10 March 2016

S4M-15870 Lobbying (Scotland) Bill

The Deputy Presiding Officer (John Scott): The next item of business is a debate on motion S4M-15870, in the name of Joe FitzPatrick, on the Lobbying (Scotland) Bill.

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Stewart Stevenson (Banffshire and Buchan Coast) (SNP):

Several references to Helen Eadie have already been made in this debate, and I think that it is a mark of the affection in which she is held that only today a number of us were reminiscing over lunch about her contributions to the Parliament and wider political debate. Perhaps those of us on the yes side in the European Union campaign, in particular, will miss her enthusiastic Europeanism.

Before I get to the substance of my speech, I want to report the result of the extensive research—approximately 75 seconds of it—that I have undertaken since Mr Findlay spoke. I can tell him that, far from employing fewer than 10 people, the CBI employs 14 directors alone—and that is before we get to any other employees. If Mr Findlay is asserting, as he did in his speech, that the CBI will be excluded because it employs fewer than 10 people, he is factually wrong; the web address, which he can check to get the list of names, is I think that that example characterises many of the untested assertions that have been made this afternoon.

On a number of occasions during the debate on the amendments, Mr Findlay suggested that we reject certain Government amendments on the basis that, in the bill’s development through the parliamentary process—and I note that, at each stage, we learn more and should respond as such—the committee did not take any evidence on the issue in question. However, that did not inhibit Mr Findlay from lodging a whole series of amendments on issues such as offences and sanctions that fell well outside the information that the committee engaged with during its research. However, let us not get into that in too much detail.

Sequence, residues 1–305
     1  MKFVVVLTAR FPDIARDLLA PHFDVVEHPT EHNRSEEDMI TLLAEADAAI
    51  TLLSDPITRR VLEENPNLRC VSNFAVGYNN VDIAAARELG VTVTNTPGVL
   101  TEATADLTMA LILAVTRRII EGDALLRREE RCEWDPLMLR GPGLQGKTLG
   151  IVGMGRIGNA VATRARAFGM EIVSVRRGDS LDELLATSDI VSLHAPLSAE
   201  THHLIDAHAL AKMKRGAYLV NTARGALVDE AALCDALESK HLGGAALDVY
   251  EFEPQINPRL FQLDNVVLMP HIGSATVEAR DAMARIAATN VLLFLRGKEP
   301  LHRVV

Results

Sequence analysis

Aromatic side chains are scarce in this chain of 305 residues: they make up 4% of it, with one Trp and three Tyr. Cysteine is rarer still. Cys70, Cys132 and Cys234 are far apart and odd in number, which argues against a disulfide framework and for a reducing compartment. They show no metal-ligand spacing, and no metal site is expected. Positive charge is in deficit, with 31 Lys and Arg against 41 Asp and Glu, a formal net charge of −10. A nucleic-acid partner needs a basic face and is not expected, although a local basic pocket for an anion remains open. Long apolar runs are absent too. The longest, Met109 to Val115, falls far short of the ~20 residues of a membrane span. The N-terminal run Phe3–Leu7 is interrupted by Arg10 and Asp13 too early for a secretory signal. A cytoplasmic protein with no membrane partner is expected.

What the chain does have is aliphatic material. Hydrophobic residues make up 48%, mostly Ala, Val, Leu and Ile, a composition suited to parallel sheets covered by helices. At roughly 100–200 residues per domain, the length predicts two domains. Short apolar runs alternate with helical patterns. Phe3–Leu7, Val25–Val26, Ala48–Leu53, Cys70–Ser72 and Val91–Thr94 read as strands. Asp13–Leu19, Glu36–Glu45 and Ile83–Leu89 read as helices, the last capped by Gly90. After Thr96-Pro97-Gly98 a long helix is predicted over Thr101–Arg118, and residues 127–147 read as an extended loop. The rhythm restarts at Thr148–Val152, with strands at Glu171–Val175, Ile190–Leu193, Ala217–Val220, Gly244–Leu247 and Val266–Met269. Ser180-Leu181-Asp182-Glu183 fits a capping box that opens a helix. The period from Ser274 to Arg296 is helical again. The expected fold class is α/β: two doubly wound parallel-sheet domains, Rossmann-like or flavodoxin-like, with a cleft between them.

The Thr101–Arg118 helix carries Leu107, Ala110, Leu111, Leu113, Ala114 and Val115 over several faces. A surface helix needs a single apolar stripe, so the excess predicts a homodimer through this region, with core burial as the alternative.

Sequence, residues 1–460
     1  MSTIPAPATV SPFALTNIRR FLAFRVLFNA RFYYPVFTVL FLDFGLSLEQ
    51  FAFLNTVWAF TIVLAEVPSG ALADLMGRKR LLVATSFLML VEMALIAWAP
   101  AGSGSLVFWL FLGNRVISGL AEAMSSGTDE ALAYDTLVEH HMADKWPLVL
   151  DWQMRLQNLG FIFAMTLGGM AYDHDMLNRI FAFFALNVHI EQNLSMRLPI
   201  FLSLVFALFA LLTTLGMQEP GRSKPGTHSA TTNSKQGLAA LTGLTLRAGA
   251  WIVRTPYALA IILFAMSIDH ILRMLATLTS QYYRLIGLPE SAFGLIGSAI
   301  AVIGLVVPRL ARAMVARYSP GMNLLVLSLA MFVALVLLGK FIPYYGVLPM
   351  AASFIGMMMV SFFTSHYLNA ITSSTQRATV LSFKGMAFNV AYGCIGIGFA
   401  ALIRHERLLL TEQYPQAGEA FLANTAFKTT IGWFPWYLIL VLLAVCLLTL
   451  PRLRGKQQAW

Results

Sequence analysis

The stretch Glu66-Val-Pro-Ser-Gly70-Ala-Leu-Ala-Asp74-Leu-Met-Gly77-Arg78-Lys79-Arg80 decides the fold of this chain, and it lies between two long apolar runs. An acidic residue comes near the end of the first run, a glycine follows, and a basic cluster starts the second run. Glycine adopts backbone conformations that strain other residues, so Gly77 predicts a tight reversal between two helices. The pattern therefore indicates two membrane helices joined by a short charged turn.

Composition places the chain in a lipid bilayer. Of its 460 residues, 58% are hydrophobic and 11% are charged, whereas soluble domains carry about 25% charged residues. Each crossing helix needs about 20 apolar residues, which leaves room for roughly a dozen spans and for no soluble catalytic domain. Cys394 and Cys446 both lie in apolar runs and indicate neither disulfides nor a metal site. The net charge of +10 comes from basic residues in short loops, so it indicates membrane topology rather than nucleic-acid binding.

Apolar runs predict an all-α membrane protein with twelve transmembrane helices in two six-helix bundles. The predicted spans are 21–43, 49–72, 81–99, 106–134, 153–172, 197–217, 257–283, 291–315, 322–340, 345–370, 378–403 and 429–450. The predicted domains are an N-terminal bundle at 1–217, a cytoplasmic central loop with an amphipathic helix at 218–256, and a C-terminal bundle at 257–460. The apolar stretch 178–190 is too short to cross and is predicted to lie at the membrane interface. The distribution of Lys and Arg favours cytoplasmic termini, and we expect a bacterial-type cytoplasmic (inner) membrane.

I very much welcome the bill. Of course, Mr Findlay was correct in saying that, at a seminar at the University of Stirling, an American professor said that the bill scored two out of 10. However, Mr Findlay failed to inform colleagues in the Parliament that, when I interacted with the professor in question, I discovered that his understanding of the bill was substantially incomplete, and he accepted that the two out of 10 mark was based entirely on a misunderstanding of where the bill was coming from.

I think that a couple of things in the bill are worth looking at and putting on the record. First, we have not made the mistake in the bill of looking at registering lobbyists; instead, we have looked at lobbying and the people who undertake it. Perhaps in looking at the registration of consultant lobbyists Westminster has missed the proper target. This bill focuses on the activity of lobbying, which I think is all well and good.

One of the very useful gems in the bill is voluntary registration, which allows bodies that are uncertain about engaging or which expect to engage in substantial lobbying activity in future to choose to register, even though there is no objective evidence at the time of registration that they are required to do so. That is a very strong part of the bill.

Another very good aspect of the bill is that people can lobby first and register afterwards. In many instances, the interaction between someone who is lobbying and the person being lobbied will not initially have the character of lobbying, which develops during the discussion. In that respect, the 30-day period is a very welcome provision.

Although I welcome the bill, the issue is, for me, not that huge, although I appreciate that it is not insubstantial. I estimate that, between now and the dissolution of Parliament, I will have four interactions that I might categorise as my being lobbied by someone. The bill sets out a very substantial way forward. The Parliament will look forward to exercising the powers under section 15 to draw up the details of the register, which is what our successors in office will be doing in the next session of Parliament.


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